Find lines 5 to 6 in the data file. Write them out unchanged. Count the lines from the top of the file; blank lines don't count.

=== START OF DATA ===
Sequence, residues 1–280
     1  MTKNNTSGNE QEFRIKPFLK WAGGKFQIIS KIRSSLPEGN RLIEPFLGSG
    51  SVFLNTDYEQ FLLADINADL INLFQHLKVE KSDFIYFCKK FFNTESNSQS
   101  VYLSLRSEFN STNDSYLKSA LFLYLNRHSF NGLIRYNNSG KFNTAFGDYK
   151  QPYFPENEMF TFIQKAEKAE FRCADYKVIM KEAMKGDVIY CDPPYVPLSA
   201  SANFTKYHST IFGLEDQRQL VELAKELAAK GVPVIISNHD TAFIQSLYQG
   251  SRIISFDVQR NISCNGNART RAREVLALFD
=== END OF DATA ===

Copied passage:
   151  QPYFPENEMF TFIQKAEKAE FRCADYKVIM KEAMKGDVIY CDPPYVPLSA
   201  SANFTKYHST IFGLEDQRQL VELAKELAAK GVPVIISNHD TAFIQSLYQG